EIT hyväksyi yhden valituksen käsiteltäväksi suuressa jaostossa13.12.2013 | Oikeusuutiset
Euroopan ihmisoikeustuomioistuimen (EIT) suuren jaoston paneeli on hyväksynyt suuren jaoston käsiteltäväksi yhden valituksen, jossa oli kyse asianajajan saamasta kunnianloukkaustuomiosta. Muut 20 valitusta, joissa suuren jaoston käsittelyä oli pyydetty, pyyntö evättiin, jolloin jaostoratkaisuista tuli lopullisia.
Hylättyjen pyyntöjen joukossa oli muun muassa kolme Ruotsia koskevaa valitusta, joissa oli kyse turvapaikanhakijoiden käännyttämisestä Irakiin. Näitä valituksia koskevissa jaostoratkaisuissa oli todettu, että Ruotsi ei loukkaisi valittajien oikeutta elämään tai rikkoisi kidutuksen, epäinhimillisen tai halventavan kohtelun kieltoa, mikäli valittajat käännytettäisiin Irakiin, koska valittajilla oli mahdollisuus muuttaa kotimaassaan Irakissa turvalliselle alueelle.
Morice v. France (application no. 29369/10)
The applicant, Olivier Morice, is a French national who was born in 1960 and lives in Paris (France). He is the lawyer of Elisabeth Borrel, the widow of the French judge Bernard Borrel, whose dead body was found, partly burnt, on 19 October 1995, 90 kilometres from the city of Djibouti. The investigation conducted by the gendarmerie concluded that Mr Borrel had committed suicide by self-immolation. In November 1995 a judicial investigation was opened in Toulouse into the causes of the judge’s death. In February 1997 Ms Borrel disputed the above finding and filed a complaint as a civil party for premeditated murder. A judicial investigation was opened and assigned to judge M. and judge L.L. On 21 June 2000, the case was withdrawn from the two investigating judges by the Paris Court of Appeal.
On 7 September 2000, Le Monde published an article entitled “Borrel Case: Judge M.’s impartiality called into question”. The article stated that Ms Borrel’s lawyers had “vigorously” challenged judge M. before the Minister of Justice, accusing her of “conduct that was completely contrary to the principles of impartiality and loyalty”.
Following a complaint of the two contested judges, the court found Mr Morice to be an accessory of public defamation of judges M. and L.L.
Relying on Article 6 § 1 (right to a fair hearing) of the European Convention on Human Rights, Mr Morice alleged that his case had not been determined fairly and impartially by the Court of Cassation. He stated that judge J.M., who was part of the bench which ruled on his appeal on points of law, had previously and publicly expressed support for judge M. at the general assembly of judges sitting at the Paris tribunal de grande instance on 4 July 2000. Under Article 10 (freedom of expression) of the Convention, he alleged that there had been a breach of his right to freedom of expression.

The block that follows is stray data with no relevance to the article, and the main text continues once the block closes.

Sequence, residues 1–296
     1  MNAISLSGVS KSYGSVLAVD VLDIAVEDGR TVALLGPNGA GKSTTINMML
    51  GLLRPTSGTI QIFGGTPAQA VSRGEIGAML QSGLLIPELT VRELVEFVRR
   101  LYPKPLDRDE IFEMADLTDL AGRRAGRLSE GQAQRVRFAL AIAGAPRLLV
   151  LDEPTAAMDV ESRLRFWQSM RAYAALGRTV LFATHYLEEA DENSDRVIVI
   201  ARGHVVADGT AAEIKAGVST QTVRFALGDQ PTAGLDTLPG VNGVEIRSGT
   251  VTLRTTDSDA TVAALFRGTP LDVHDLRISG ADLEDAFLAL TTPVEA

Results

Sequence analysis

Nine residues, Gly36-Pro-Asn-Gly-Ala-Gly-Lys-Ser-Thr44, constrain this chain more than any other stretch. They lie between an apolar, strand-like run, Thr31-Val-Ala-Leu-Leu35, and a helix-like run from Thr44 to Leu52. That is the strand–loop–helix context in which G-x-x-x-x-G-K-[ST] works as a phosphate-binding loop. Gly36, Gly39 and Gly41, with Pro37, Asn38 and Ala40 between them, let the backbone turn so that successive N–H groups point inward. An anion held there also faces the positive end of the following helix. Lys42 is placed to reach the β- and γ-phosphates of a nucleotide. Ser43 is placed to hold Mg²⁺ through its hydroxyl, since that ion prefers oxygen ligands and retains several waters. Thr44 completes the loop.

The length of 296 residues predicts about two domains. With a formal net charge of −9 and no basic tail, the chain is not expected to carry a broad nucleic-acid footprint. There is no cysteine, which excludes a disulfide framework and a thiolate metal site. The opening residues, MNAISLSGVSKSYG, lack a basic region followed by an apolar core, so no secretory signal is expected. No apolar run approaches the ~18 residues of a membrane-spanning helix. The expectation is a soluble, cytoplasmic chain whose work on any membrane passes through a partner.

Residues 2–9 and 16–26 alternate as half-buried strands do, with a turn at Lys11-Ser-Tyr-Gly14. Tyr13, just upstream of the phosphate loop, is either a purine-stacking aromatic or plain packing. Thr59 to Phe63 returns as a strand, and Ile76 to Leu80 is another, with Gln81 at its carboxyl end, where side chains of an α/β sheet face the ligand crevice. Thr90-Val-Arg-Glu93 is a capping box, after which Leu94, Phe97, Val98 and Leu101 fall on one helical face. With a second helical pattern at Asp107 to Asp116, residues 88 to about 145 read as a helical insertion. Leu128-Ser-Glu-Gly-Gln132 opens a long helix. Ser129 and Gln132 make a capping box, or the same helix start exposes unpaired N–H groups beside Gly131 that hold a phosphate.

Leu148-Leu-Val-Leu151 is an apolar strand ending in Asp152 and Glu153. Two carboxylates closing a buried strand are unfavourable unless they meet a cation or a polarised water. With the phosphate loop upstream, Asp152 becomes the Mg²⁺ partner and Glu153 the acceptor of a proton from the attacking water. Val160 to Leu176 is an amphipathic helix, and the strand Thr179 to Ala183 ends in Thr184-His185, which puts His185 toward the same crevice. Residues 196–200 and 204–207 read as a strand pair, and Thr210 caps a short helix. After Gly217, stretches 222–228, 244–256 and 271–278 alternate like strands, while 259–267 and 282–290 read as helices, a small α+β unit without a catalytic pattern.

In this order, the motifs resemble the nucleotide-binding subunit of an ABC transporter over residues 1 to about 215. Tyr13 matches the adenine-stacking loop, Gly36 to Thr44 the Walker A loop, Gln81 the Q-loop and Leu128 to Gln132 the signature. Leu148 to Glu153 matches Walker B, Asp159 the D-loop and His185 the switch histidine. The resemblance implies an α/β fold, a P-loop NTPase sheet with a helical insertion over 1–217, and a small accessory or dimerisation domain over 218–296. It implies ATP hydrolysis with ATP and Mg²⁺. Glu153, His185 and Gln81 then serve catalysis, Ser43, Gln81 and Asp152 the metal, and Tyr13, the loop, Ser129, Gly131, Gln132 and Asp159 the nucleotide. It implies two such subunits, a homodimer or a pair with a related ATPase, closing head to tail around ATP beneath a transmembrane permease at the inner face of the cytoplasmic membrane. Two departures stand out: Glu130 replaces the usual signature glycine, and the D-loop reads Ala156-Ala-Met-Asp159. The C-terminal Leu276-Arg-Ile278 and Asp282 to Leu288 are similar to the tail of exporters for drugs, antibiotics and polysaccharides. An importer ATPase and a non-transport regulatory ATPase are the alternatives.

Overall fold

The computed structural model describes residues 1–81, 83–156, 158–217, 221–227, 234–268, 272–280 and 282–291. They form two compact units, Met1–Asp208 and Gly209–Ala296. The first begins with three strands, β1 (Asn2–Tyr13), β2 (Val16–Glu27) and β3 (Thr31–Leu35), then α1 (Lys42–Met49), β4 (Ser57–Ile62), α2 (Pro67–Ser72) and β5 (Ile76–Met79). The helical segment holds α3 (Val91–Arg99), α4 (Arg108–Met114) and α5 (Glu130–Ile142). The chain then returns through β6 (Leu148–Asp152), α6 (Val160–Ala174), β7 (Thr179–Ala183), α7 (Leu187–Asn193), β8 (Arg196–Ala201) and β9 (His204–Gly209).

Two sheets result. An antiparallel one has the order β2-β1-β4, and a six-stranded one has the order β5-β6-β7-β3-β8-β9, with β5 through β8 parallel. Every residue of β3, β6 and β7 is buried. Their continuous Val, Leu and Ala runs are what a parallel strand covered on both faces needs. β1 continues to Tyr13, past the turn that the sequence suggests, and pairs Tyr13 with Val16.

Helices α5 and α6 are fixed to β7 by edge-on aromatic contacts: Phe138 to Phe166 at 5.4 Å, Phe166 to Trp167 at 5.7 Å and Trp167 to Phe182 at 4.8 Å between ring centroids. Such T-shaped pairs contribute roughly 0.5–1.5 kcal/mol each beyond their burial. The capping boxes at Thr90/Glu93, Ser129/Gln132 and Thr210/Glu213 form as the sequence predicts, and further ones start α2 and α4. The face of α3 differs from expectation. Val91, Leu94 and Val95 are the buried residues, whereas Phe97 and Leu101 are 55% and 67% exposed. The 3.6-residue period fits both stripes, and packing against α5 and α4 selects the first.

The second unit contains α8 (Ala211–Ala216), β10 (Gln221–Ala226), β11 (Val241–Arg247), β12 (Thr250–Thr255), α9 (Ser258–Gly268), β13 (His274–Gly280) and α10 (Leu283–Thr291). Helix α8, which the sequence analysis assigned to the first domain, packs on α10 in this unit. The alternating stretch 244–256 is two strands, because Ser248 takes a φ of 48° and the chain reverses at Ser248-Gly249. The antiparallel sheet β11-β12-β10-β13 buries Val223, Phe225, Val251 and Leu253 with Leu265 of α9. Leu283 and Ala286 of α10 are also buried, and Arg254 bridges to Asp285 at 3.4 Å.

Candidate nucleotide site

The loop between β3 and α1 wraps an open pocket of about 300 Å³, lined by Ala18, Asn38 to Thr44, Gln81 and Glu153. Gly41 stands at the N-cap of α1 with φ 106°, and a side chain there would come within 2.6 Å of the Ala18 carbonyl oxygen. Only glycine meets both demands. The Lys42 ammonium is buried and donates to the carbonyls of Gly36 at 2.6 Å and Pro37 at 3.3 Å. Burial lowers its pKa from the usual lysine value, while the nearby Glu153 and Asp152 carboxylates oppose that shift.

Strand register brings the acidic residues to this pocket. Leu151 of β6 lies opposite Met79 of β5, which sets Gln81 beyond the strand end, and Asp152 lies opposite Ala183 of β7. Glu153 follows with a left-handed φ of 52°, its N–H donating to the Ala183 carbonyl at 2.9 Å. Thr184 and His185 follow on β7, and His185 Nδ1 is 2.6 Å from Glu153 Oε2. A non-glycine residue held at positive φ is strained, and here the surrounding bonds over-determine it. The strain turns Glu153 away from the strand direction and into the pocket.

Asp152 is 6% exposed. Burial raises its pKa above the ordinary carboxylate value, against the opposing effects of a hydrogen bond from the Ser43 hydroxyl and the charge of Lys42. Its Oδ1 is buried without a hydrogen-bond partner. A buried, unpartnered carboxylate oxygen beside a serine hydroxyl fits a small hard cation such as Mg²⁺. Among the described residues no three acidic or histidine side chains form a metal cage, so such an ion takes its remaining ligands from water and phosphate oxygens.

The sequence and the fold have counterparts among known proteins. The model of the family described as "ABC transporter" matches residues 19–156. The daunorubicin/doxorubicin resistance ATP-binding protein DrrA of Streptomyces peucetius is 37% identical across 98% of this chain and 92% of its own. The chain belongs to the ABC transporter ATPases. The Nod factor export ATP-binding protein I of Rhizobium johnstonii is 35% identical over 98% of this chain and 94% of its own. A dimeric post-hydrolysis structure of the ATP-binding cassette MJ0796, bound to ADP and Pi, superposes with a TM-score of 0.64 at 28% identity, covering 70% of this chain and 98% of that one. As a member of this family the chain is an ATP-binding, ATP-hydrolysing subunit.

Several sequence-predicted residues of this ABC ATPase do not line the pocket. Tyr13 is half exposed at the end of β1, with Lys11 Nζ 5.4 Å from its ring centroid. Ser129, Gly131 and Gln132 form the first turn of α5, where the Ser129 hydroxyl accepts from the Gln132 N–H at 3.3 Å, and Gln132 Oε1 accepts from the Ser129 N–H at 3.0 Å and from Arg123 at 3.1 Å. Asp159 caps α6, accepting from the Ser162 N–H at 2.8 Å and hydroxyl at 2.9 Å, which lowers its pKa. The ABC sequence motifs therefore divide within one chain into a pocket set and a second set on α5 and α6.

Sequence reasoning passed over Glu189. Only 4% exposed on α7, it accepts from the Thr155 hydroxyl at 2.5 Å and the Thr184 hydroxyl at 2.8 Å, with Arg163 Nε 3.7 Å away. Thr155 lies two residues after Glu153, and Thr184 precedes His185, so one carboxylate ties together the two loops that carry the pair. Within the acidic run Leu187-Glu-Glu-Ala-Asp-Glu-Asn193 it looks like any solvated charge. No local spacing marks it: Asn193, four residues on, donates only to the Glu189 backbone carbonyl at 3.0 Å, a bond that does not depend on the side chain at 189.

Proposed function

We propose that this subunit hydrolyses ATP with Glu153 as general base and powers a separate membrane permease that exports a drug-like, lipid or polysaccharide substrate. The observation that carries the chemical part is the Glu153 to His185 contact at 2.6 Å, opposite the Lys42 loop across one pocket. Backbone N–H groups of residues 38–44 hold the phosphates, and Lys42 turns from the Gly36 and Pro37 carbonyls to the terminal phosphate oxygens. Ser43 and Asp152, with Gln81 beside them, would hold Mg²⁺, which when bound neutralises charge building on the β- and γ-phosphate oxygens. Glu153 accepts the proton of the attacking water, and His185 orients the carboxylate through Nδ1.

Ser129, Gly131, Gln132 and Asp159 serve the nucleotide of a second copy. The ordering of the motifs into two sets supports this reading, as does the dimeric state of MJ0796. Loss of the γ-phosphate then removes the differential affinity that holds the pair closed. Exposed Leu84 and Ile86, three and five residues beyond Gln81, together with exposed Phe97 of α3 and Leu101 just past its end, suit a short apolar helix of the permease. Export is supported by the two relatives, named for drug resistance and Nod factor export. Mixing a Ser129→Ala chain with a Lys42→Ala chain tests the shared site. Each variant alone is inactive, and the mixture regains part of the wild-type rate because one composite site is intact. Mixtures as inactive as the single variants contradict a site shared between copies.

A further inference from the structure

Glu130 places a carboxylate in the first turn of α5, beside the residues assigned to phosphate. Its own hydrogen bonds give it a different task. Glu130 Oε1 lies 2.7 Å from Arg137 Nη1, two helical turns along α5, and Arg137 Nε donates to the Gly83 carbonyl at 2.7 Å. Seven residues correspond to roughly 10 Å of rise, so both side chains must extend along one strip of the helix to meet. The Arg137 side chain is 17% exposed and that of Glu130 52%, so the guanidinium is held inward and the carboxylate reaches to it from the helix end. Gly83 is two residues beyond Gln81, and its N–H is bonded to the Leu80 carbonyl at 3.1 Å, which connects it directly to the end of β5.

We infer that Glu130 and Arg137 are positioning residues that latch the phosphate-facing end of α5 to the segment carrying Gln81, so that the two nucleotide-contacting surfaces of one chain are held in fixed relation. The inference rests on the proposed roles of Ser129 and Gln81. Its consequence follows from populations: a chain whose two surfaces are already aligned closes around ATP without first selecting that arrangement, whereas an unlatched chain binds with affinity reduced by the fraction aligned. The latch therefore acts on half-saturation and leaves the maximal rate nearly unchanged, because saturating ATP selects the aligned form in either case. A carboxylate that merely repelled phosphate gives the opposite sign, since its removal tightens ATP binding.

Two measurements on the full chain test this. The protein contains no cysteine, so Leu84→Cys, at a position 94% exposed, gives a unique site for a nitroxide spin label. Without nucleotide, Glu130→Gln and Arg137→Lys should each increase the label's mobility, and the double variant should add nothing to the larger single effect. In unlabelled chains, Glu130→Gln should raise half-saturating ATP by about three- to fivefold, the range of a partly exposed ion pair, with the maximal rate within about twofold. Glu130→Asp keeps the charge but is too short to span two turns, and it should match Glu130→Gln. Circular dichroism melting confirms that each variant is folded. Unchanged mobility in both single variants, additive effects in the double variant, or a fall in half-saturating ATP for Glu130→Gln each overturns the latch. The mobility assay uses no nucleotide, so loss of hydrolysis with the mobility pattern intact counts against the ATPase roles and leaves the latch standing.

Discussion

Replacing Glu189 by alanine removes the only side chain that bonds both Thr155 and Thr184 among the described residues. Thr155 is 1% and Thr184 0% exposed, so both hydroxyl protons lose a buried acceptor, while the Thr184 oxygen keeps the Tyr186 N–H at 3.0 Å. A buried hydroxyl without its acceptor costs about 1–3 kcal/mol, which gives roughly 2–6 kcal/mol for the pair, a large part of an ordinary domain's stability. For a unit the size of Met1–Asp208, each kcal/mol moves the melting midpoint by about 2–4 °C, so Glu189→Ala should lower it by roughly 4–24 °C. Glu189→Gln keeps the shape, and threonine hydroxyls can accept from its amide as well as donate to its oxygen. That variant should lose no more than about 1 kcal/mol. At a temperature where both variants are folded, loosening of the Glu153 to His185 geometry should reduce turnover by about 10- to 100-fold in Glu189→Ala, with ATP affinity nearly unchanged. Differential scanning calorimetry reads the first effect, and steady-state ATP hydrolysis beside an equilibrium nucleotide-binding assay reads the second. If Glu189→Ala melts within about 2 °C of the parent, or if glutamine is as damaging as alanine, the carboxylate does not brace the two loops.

In its Chamber judgment of 11 July 2013 the Court held, unanimously, that there had been a violation of Article 6 § 1. It found that a member of the Court of Cassation which ruled on Mr Morice’s appeal on points of law had previously expressed his support for a judge who was a party to the proceedings against him. The Court concluded that serious doubts could be raised as to the Court of Cassation’s impartiality and that Mr Morice’s fears could be held to be objectively justified. However, the Court held by a majority that there had been no violation of Article 10 of the Convention. It considered that the national courts could have been satisfied that the comments made by Mr Morice in Le Monde were serious and insulting to the judge in question, that they were capable of unnecessarily undermining public confidence in the judicial system and, lastly, that there were sufficient grounds to convict Mr Morice of public defamation.
On 9 December 2013 the case was referred to the Grand Chamber at the request of the applicant.
Koko lehdistötiedote löytyy täältä: Press release